12. Figure out where you’re sleeping at night. This part can sort of be done before the money part, but it depends on how strict you’re being to a budge - if a budget isn’t a huge worry do it after - if you’re sticking to a strict budget - do it before. This is also the part that determines if you’re going to have to stick to your time plans pretty strictly or not. If you’re going to areas on their offseasons, and you’re planning to pay for camping and/or being in established campsites, you’ll likely be able to do sites that you don’t have to book ahead of time. (Though, you need to research if the campground is even going to be OPEN, and if they are are they RV only?. Also, if you’re around cities like Los Angeles, San Francisco, Portland, Seattle, etc - no matter what time of the year - RESERVE IT). If you’re sleeping in your car - you basically don’t have to plan anything at all, because if it comes down to it - and you really CAN’T find a place to sleep you can always sleep in a Walmart parking lot. Therefore, keep in mind - if you have reservations/or are sleeping in hotels, etc - you’ll have to stick to your plan more strictly, whereas if you don’t have plans as to where you’re going to sleep at night other than a general area - you can more-so go with the flow. Though, if you’re planning on say, adventuring in Zion National Park for four days - book a campsite for those three nights - it’ll be nice to be able to set your stuff up and not worry about it. If I had to pick, reservations vs. not, I suggest the later, I’ve done both and having reservations puts some stress on things. Some campsites have check-in times and late fees, all have fees if you don’t show up, some even LOCK gates at certain times so you can’t get in - it’s just something to look into and consider.

 

    13. Now, you get to figure out how you’re packing. No matter what car you’re bringing - I HIGHLY suggest plastic bins to organize EVERYTHING. It worked great when I was out there for 3 months and it worked great when I was out there for 2 months. Seriously, make a plastic bin for everything, I suggest the normal shoe size bins for everything but clothes and food, but that's a preference thing and up to you. The next thing I suggest is that you and whomever you’re going with become “one”. Share everything that is possible to be shared, but everything together (minus clothes), it takes a little more work when you get home to separate everything, but while you’re on the trip it makes the most sense and it saves the most space. I’m going to list out the bin organization that I use (it’s worked great for two trips, but also a preference thing and you can completely ignore this - below I’m going to list out specifics on what goes in what bins - and keep in mind I bring the same amount of stuff that I would bring no matter how long the trip is). A kitchen/cooking bin, emergency bin, junk bin (trust me it comes in handy), electronics bin, personal/medical bin, dry food bin, and a camping bin (this bin will typically be slightly bigger). We typically do one bin per person for clothes, shoes, jackets, and whatever else you have that you just can’t share with anyone else, I’ve done it where two people share one bin - and it quickly becomes a pain and becomes a mess - it MAY be able to be done but be aware. Also, when it comes to clothes - no matter how long the trip is - only pack for a maximum of two weeks - you can alternate clothes, use Fabreeze spray, find laundromats, etc, just make sure you know what weather you’re dealing with a pack appropriately.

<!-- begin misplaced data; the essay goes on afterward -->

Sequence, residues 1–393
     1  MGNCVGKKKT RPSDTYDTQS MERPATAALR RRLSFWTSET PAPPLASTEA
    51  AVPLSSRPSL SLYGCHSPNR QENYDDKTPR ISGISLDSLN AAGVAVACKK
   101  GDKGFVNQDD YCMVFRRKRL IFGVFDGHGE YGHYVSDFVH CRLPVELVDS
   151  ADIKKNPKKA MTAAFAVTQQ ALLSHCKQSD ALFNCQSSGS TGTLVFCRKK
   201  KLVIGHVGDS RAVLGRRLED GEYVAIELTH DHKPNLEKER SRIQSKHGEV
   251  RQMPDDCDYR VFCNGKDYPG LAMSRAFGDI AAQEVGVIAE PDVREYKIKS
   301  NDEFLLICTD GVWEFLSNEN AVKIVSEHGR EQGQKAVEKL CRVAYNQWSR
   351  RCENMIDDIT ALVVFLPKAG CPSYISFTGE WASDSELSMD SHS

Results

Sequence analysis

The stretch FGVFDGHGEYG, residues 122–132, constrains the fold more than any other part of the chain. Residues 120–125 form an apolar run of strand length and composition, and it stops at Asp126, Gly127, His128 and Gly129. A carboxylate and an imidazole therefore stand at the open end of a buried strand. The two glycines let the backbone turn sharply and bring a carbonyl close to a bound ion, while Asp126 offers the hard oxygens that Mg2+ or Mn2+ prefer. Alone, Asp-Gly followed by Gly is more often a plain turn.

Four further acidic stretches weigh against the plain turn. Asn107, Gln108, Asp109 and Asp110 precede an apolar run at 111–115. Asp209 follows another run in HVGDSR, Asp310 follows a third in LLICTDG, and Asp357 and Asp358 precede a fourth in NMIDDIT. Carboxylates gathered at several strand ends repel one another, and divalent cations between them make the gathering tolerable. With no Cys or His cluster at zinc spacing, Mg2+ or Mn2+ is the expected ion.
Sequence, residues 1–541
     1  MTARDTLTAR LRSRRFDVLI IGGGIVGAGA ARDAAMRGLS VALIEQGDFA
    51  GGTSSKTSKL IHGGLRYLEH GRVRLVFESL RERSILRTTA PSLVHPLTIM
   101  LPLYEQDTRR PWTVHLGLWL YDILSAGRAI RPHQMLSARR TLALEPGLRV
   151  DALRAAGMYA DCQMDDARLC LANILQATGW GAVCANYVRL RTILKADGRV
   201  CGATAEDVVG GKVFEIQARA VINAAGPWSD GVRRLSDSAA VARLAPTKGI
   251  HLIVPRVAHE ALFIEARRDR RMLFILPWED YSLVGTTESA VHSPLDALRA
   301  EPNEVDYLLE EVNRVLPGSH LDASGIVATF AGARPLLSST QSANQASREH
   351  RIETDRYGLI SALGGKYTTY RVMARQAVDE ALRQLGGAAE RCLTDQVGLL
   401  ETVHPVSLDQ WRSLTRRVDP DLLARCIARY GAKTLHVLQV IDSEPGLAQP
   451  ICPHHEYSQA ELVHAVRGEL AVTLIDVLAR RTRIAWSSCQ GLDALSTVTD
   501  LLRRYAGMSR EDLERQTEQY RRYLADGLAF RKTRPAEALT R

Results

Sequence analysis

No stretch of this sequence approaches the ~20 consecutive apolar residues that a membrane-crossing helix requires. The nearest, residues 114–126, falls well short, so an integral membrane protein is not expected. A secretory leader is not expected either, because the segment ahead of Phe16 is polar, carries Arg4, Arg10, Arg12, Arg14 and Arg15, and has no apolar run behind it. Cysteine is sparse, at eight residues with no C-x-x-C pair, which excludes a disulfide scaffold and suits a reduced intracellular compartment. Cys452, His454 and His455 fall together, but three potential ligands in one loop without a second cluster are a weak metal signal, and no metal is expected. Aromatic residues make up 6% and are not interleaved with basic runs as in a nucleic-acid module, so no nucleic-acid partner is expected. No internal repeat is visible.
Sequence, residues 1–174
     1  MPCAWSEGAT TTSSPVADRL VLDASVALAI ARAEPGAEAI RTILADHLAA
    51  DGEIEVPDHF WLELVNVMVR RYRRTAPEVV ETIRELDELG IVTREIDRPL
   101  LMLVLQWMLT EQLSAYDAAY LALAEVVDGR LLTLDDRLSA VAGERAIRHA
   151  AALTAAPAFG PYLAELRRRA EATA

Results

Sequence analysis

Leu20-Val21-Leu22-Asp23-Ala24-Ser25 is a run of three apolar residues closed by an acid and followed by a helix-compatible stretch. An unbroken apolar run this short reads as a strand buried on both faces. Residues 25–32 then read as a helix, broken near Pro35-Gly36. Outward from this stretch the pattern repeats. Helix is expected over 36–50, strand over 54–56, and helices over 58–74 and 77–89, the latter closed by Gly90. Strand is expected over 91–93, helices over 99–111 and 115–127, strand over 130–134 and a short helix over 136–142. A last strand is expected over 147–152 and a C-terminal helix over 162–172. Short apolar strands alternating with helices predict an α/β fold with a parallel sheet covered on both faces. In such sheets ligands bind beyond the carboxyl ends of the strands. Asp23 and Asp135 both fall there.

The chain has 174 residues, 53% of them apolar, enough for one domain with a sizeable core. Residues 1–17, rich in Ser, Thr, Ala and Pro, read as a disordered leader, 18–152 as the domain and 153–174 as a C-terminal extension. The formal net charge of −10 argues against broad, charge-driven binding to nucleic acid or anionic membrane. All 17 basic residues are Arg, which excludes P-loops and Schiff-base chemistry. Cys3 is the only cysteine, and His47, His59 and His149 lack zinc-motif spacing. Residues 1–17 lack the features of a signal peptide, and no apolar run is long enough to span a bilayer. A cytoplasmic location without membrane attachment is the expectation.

14. The actual packing comes next. I highly suggest (like do it or else you’ll be miserable), packing cubes for your clothes. It keeps your bin organized and you know where everything is. I have no tips as to packing the other bins though, try and try again until it fits haha. As for your car, keep in mind that you’re going to need into some bins - so keep the cooking bin easily accessible, medical bin easily accessible, and camping bin somewhat easy to get to. We typically always all have a “day bag” that we keep up front with us, that has all the things you’ll need daily like, all your stuff to get ready in the mornings (toothbrush, deodorant, brush, etc), chargers, and the night before we get the clothes out that we plan on wearing the next day and put them in that bag. If you’re coming to the realization that everything isn’t going to fit, I suggest looking into a top carrier for your car first, even if you have a hitch - when you’re out west, there are lots of not great roads that you’re going to be on that having something on the back of the car becomes a pain. Just keep in mind, a top carrier kills your gas mileage a little (in my experience, not a lot - but it does affect it).

 

    15. Next, comes the final details. Be sure to call your banks, let them know you’re traveling so your card doesn’t get flagged, make sure your campsites are booked (if that’s the route you’re going), double check that you have everything (unless you’re doing extended hiking trips - there will always be a Walmart if you forget something), be sure to have cd’s, music or podcast downloaded - you lose service a LOT out west no matter who your carrier is, buy some maps of the states you’re going to and KNOW HOW TO USE THEM, as I said, you lose service a lot - so they can come in handy, double check the weather the before you go, double check your car, make sure you have the spare tire (not the donut, the actual tire), extra oil always comes in handy, as well as antifreeze - you’re driving over mountains out there, not like what we have here, know how to change a tire, or at least have AAA or something along those lines.